A bit more about the where’s and whys of this wonderful soup; firstly, I LOVE mushrooms, they’re creamy without cream and smooth without butter; all the combinations of a vegetarian wet dream. Secondly, mushrooms are a Superfood; they are a power house of natural anti biotic anti viral compounds. They contain an awesome antioxidant called ergothioneine, this little beauty is very effective in giving protection from free radicals as well as boosting our immunity to nasty pathogens. Even though the Shiitake is an expensive addition to the dish, the health benefits of this mushroom are immeasurable; the Chinese have been cultivating it for well over 1000 years, and consider it a medical mushroom and a symbol of longevity, this and the fact that it photographs beautifully were reason enough to include them in the dish!

But fear not if your budget doesn’t stretch as far as the asian variety; The portobello mushroom is far cheaper and equally brilliant. Its jam-packed full of B complex vitamins, selenium, lysine, protein, zinc, copper, manganese and iron. So if you want to simply replace all the posh fungi for 350g of theses beauties; be my guest.

♥ Piping Hot Wild Mushroom Soup

Recipe creation: Caroline Murray

Food styling and photography: Caroline Murray

Prep/cooking time: 50 minutes

Serves: 6

  • 75g (3oz) shallots, chopped
  • 2 garlic cloves, crushed
  • 25g (1oz) butter
  • 30g (1.5oz) dried porcini mushrooms
  • 30g (1.5oz) dried cep mushrooms
  • 50g (2oz) fresh Shitake mushrooms, sliced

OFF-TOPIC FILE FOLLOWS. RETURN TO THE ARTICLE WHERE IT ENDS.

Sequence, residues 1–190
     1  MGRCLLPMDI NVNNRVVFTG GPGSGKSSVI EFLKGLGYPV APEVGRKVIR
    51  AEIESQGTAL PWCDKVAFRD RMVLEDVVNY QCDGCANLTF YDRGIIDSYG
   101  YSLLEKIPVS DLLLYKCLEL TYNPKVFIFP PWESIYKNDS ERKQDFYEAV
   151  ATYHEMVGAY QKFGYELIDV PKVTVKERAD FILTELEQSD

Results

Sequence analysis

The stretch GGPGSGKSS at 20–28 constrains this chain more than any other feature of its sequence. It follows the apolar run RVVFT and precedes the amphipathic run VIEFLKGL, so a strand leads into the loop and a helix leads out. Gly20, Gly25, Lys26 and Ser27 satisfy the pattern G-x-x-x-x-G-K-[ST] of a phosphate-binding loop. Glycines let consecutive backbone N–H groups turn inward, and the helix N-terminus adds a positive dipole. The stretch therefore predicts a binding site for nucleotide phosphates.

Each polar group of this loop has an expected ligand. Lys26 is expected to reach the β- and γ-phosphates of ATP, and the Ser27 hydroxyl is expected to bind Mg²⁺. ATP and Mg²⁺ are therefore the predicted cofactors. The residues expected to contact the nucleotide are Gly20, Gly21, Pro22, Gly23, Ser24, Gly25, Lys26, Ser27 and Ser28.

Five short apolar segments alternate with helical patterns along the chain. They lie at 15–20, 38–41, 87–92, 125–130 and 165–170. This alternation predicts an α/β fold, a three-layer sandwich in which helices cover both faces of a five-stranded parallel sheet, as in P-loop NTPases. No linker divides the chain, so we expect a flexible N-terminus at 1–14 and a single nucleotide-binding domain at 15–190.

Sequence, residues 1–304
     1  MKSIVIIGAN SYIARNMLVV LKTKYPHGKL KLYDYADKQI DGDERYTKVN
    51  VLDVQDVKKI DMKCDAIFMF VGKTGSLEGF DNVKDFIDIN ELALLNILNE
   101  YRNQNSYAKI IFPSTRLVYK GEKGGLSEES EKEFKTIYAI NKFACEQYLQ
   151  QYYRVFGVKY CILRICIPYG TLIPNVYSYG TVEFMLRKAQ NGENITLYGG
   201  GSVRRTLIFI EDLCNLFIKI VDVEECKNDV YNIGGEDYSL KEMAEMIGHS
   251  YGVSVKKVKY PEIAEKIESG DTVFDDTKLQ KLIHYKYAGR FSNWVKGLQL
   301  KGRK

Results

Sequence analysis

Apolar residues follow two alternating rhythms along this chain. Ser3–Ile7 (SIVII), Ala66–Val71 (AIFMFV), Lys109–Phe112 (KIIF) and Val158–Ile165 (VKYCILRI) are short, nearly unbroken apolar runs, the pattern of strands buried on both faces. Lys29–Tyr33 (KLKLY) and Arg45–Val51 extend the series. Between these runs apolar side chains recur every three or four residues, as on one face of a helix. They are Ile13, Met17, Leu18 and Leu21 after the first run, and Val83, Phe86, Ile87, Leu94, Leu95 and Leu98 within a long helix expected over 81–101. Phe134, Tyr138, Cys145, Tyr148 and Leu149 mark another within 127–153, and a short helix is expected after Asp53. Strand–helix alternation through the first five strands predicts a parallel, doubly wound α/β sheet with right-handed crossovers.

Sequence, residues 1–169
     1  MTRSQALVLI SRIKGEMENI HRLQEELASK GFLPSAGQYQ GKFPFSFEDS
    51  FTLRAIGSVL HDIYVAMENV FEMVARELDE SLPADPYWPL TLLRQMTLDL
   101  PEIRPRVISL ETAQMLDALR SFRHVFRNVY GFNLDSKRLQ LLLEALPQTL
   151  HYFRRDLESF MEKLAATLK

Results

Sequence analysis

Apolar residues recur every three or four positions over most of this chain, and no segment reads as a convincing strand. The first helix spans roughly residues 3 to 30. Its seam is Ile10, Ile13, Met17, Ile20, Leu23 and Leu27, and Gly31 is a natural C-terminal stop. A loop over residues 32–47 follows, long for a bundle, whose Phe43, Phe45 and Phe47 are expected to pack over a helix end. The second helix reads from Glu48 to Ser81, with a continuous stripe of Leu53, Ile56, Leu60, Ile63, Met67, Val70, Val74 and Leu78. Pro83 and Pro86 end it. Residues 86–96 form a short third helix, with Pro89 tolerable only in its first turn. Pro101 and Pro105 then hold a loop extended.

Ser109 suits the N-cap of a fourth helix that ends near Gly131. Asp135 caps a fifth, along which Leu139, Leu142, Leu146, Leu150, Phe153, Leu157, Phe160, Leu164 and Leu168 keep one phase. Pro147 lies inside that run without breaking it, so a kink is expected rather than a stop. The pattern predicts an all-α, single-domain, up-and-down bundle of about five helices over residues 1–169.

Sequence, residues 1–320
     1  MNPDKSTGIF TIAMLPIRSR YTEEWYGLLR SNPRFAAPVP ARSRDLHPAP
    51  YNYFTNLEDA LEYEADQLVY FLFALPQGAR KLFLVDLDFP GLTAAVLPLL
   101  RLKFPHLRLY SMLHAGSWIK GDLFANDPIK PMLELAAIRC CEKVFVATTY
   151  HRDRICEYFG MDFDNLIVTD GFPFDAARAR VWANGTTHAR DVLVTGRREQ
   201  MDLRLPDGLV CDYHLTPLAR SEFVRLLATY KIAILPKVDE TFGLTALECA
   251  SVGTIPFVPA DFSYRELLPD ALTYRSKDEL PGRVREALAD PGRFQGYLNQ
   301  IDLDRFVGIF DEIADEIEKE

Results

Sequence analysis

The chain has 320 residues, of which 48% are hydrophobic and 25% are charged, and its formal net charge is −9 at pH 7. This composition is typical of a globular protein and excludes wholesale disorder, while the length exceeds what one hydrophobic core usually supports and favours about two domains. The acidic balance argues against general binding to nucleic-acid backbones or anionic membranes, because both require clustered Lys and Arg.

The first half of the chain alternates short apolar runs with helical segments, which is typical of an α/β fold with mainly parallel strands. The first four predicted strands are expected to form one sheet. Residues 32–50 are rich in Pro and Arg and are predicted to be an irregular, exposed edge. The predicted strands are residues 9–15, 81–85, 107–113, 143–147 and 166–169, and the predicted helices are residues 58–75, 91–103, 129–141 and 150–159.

• 150gm (5oz) fresh portobello mushrooms, sliced
  • 100gm (3.5oz) chestnut mushrooms, sliced
  • 2 dessert spoons plain flour
  • 275ml (1/2 pint) warm water
  • 1 vegetable stock cube
  • 2 dessert spoons finely chopped fresh flat leaf parsley
  • 150ml (1/4 pint) single cream
  • salt and freshly ground black pepper

To Garnish

  • 1 desert spoon of cream, drizzled over the top
  • 100g (3.5oz) of crushed hazelnuts

TIP: Wild mushrooms, by nature, are delicate and must be cleaned gently with a brush before adding to food, no specialist equipment required, an unused paint brush is perfectly adequate.


  1. Soak the dried mushrooms in a bowl of warm water for 20 minutes, reserving the soaking liquid for cooking.
  2. Melt the butter in a large saucepan, add the chopped garlic and shallots and sweat on a low heat for 10 minutes without colouring.
  3. Add the chopped fresh mushrooms and soaked dried mushrooms to the pan and cook for a further 10 minutes.
  4. Stir in the flour, mix well for cook for 2 minutes.
  5. If using fresh stock; gradually pour 275ml the liquid into the pan, stirring continuously until the liquid has create a smooth finish. If using dried or jellied shop bough stock; add it to 275ml of boiling water, let it dissolve, and add as suggested above.
  6. Bring soup to the boil, and then simmer for 20 minutes until all the vegetables are tender.
  7. After you have allowed the soup to cool for 10 minutes, add the chopped parsley then pour the soup into the food processor. Blitz until smooth or if prefer, leave a bit of a bite in it.
  8. Return the soup to a clean saucepan and add the cream and gently heat.
  9. Season with salt and freshly ground pepper and garnish with a little cream and chopped hazelnuts

My advice to the sick; eat this soup, it is life-giving!